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Ben Mafani is Glenmore’s patriarch, its champion. His athletic frame understates his age, his nimble mind, uncompromising conviction. It’s easy to understand why he is dubbed the Mandela of Glenmore.
A former boxer who now teaches the sport to many of the local youths, a handful forming an informal honour guard as he navigates the hot Sunday streets.
Pointing and proclaiming as we walk, Mafani is larger than any story here. He was the reason two journalists originally came to Glenmore.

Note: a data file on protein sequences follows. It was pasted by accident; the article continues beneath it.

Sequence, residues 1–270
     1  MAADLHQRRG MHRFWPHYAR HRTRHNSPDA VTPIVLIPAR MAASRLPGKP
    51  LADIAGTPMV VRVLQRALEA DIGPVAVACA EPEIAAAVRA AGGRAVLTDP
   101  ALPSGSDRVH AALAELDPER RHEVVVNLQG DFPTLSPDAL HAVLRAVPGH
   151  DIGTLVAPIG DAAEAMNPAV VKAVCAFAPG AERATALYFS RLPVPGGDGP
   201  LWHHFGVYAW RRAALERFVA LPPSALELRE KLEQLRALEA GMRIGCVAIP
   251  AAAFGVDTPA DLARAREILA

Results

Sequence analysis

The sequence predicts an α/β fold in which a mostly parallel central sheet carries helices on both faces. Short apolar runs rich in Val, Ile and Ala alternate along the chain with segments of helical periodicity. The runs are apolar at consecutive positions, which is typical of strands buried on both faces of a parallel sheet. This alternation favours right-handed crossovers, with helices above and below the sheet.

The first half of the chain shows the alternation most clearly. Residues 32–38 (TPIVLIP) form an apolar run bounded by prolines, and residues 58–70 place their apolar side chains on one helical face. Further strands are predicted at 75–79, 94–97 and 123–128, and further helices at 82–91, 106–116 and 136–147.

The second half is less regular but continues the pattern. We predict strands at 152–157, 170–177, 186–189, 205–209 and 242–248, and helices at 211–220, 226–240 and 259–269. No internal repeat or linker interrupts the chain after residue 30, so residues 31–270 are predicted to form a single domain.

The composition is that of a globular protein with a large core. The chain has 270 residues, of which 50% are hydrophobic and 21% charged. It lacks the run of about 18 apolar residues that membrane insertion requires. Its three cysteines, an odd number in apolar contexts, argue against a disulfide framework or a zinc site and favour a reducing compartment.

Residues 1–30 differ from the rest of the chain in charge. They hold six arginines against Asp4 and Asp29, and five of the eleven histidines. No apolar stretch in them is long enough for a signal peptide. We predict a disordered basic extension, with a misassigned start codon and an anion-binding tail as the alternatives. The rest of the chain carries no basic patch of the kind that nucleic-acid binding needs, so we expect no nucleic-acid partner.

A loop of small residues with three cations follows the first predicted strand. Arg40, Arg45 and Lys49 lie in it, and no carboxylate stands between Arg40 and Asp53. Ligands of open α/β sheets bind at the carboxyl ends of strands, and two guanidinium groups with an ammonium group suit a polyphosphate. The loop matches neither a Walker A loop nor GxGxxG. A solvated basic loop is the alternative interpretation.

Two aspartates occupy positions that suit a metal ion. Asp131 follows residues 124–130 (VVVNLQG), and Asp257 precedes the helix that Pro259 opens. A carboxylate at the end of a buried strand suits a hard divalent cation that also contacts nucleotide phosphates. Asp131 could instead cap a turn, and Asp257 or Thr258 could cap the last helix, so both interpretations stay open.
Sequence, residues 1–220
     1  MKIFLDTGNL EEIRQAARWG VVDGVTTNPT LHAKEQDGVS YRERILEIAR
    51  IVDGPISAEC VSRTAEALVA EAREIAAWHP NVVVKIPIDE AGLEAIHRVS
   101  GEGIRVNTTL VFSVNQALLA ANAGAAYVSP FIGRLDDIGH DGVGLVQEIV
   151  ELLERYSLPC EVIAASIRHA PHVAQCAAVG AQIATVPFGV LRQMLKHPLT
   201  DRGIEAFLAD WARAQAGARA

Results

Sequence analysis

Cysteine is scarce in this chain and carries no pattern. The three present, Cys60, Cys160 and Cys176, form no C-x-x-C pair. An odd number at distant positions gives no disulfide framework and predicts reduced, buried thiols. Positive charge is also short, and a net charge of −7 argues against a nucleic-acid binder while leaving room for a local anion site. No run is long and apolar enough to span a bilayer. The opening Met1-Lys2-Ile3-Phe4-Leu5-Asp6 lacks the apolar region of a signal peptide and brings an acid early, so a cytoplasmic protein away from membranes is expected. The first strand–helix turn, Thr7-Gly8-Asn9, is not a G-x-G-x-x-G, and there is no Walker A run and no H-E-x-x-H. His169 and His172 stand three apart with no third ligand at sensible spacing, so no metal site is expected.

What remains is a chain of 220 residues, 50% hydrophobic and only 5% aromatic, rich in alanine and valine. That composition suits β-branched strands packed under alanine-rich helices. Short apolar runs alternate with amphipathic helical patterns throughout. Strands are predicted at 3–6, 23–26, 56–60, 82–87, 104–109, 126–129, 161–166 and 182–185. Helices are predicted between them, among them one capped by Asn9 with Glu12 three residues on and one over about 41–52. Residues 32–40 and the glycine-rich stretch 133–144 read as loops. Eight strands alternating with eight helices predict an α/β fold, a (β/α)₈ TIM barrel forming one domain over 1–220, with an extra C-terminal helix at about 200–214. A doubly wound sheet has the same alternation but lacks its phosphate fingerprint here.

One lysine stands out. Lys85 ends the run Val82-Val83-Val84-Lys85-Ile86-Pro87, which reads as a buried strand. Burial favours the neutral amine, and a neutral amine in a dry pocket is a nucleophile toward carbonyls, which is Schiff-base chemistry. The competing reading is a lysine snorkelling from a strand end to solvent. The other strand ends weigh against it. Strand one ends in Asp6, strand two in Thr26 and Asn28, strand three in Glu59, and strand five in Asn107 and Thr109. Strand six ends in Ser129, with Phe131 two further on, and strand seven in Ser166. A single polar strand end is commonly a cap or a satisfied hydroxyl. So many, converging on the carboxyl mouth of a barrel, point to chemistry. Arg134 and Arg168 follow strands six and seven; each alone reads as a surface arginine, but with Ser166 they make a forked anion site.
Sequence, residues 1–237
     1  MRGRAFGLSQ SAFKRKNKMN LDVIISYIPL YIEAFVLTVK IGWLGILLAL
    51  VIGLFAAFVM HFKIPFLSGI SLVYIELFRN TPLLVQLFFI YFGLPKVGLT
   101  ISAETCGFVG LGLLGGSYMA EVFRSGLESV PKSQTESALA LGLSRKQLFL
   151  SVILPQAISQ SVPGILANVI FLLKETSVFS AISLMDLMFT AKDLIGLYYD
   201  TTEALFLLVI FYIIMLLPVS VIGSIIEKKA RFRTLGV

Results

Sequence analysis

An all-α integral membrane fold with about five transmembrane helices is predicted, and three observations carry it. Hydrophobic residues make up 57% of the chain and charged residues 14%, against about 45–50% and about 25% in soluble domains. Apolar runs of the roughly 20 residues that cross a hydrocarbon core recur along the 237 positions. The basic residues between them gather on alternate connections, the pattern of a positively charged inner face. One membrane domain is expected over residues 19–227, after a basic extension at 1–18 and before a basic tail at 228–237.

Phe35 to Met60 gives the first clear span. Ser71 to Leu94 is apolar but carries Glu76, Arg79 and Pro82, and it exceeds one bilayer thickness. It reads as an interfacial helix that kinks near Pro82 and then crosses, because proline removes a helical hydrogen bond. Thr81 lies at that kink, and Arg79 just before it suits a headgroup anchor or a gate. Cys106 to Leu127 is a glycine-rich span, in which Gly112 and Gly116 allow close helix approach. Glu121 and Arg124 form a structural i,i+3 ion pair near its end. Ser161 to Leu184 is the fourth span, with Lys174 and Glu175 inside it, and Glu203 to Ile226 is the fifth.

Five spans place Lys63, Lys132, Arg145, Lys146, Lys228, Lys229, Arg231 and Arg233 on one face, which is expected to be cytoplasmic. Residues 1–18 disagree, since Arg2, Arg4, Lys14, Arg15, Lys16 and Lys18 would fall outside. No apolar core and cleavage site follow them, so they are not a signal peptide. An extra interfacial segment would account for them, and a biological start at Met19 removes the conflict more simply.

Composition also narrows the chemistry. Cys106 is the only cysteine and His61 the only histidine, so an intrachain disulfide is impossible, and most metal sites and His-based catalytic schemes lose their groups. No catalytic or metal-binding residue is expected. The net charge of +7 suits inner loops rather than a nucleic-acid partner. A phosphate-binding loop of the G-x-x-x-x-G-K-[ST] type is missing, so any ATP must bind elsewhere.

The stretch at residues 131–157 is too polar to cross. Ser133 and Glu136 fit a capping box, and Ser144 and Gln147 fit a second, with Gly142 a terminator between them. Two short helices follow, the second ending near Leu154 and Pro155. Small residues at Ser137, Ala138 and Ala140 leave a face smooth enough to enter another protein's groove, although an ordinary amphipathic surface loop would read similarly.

Mafani threw rocks through the windows of the Grahamstown High Court in protest at the residents of the informal settlement having no work or basic facilities.
It was, he smiles, his own way of getting a neglectful state to notice this place once more. A tiny declaration of war on behalf of a speck of a town in a homeland that no longer exists, against a country Ben feels has become too big to care.
He narrowly avoided jail for his offenses, which is more impressive when according to his account he went back twice more over the years, rocks in hand, to wage battle when there seemed no other means of protest.